Supreme Court Follows Law: People Are Upset. Blame Big Business for Not Lobbying

The Supreme Court on Thursday handed down a decision in PLIVA, Inc. v. Mensing in which the Court held that a person could not sue a generic drug maker for failing to warn of the dangers and side effects of a drug.

Gladys Mensing and Julie Demahy had sued Croatia-based PLIVA Inc. and other generic drug manufacturers in state courts in Minnesota and Louisiana over the labels for metoclopramide, the generic version of Reglan. The two women alleged that metoclopramide gave them a severe neurological movement disorder called tardive dyskinesia, but none of the generic drug’s manufacturers and distributors made any effort to include warnings on the label.

One would think that this is a clear case of negligence on the part of the drug makers.

So why didn’t the Supreme Court side with the two women?

There were two conflicting laws governing the labeling of the drugs. The first was at the state level, where the state said that the generic drug has to label and therefore warn consumers of the side effects of a drug. The second, conflicting law is a federal law that says that the label of a generic drug must be identical to that of it’s non-generic counterpart. Federal law requires that manufacturers of the non-generic drug maintain a data sheet on the effects of the drug. This allows them to update the data sheet with new side effects, drug conflicts, etc as the information becomes available. The non-generic drug does not have to put the side effects on the label.

Therein lies the problem. If the manufacturer of the generic drug fails to put a warning label on the drug, they are violating state law. If they put the warning label on the product, they are violating federal law because the generic and non-generic labels are not identical.

The Supreme Court, in a 5-4 ruling, said that federal law prevailed and the manufacturers had followed the law and were therefore barred from being sued.

The vote fell on conservative and liberal lines.

Sotomayor said the problem was the court majority, not lawmakers or agencies: “Today’s decision leads to so many absurd consequences that I cannot fathom” it is what Congress intended, she said.

Just because the manufacturers cannot add warnings on their own “does not mean that federal law permits them to remain idle when they conclude that their labeling is inadequate,” Sotomayor wrote. The companies should be protected from suit only if they tried to alter the labels and the FDA did not allow it, she said.

It appears that Sotomayer believes that companies should not be protected by law unless they lobby lawmakers. Aren’t business lobbyists hated for undue pressure and influence so much so that we have laws that regulate them? And Sotomayor thinks “lobbying” would be a good thing?

If you want to hold the drug makers responsible, why aren’t the liberal justices holding the plaintiffs responsible? If the justices truly believe that the manufacturers had some responsibility to lobby lawmakers, don’t the plaintiffs have a responsibility to ask their doctor of the possible side effects of a drug? Or their pharmacist? Don’t they have a responsibility to look up at the library or on the internet the drug and its possible side effects?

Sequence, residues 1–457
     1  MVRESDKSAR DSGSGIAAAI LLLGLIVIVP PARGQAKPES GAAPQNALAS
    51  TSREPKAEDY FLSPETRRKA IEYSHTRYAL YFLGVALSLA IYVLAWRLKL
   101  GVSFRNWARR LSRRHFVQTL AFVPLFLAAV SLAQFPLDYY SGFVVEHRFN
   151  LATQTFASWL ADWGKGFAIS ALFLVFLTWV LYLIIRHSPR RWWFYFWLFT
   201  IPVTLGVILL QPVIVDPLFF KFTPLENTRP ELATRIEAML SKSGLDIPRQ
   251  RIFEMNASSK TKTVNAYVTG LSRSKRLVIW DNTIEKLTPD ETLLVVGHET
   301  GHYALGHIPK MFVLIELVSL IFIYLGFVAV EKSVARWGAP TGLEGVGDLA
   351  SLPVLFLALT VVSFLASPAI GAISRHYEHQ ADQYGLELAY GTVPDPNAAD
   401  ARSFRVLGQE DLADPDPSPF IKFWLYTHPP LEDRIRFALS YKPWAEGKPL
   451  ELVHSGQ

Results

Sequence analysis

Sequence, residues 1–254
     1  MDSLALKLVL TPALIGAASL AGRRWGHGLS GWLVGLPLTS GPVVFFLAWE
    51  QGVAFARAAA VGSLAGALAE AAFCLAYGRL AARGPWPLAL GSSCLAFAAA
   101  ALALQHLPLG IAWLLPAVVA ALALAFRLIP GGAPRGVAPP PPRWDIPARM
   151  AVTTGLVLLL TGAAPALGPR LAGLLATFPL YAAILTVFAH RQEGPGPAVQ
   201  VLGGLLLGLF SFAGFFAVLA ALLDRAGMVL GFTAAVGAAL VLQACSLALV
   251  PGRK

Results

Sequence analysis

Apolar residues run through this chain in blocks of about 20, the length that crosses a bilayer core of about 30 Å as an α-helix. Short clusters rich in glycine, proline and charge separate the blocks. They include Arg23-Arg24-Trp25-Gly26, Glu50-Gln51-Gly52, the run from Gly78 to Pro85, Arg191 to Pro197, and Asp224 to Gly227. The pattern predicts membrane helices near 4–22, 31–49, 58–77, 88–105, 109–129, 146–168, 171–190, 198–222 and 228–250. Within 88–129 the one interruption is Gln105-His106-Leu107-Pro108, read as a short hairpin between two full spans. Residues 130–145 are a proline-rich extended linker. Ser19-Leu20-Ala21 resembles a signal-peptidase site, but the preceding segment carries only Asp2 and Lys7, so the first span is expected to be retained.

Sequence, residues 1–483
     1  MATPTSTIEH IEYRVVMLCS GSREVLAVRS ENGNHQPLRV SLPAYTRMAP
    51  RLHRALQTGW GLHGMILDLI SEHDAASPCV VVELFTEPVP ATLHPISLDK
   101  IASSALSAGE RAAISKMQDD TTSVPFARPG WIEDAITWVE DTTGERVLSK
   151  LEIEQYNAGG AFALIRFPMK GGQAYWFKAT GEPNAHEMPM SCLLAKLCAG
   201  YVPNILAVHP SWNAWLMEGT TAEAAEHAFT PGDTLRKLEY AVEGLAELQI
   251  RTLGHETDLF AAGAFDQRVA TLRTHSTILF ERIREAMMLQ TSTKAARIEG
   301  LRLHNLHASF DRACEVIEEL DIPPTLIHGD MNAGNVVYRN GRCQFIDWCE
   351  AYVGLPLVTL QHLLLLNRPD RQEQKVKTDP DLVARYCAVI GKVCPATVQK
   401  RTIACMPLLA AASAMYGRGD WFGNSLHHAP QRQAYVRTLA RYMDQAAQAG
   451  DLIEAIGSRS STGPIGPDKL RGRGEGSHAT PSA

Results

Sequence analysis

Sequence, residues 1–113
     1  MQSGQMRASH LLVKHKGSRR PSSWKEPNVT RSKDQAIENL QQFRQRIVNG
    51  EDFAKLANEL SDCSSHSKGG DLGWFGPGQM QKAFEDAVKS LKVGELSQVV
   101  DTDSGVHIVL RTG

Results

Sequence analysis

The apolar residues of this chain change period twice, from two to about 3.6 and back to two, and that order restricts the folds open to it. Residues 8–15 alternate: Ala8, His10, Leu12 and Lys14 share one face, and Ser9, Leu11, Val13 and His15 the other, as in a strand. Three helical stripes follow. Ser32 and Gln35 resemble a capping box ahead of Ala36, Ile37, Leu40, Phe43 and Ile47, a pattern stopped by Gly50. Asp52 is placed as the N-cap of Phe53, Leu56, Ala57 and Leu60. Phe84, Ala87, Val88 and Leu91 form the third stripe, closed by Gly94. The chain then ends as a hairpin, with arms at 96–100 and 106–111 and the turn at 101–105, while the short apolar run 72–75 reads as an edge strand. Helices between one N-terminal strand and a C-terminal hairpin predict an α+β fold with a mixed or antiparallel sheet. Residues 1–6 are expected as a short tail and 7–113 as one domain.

Don’t people have some responsibility for what they put into their bodies?

The liberal Supreme Court justices aren’t the only ones unhappy with the decision. Arthur Caplan of writes:

The only thing that should matter is disclosing known risks about drugs on labels, websites and in communications to doctors. To do otherwise is to leave Justice blindfolded, unable to comprehend how the highest court in the land could not see clearly the need to protect consumers from harm.

The LA Times says:

If you suffer a complication from a generic drug, obviously you shouldn’t expect much help from the courts.

Both are right but for the wrong reasons. They see the decision as a failure. We see it as a success. If the Court had ruled that the genetic drug makers should have been held liable for following the law, then what good is the law?

You shouldn’t expect help from the courts. It is not the court’s job to “help you” or “protect you.” The court’s job is to follow the law.

It is the job of the legislature, not the courts, to make laws.

To emphasis this basic fourth grade civics lesson to the masses and the liberal justices, Justice Thomas writes in the majority opinion:

As always,Congress and the FDA retain the authority to change the law and regulations if they so desire.

“Lady Justice” is blindfolded, so she cannot see what party is more sympathetic or what party has more “power” than the other. Justice relies on the law, and the creation of law is not the purview of the courts.

Justice demands an impartial review of the facts. Period. Anything else is judicial activism. Anything else is “making law from the bench.”

The Supreme Court got this one right.

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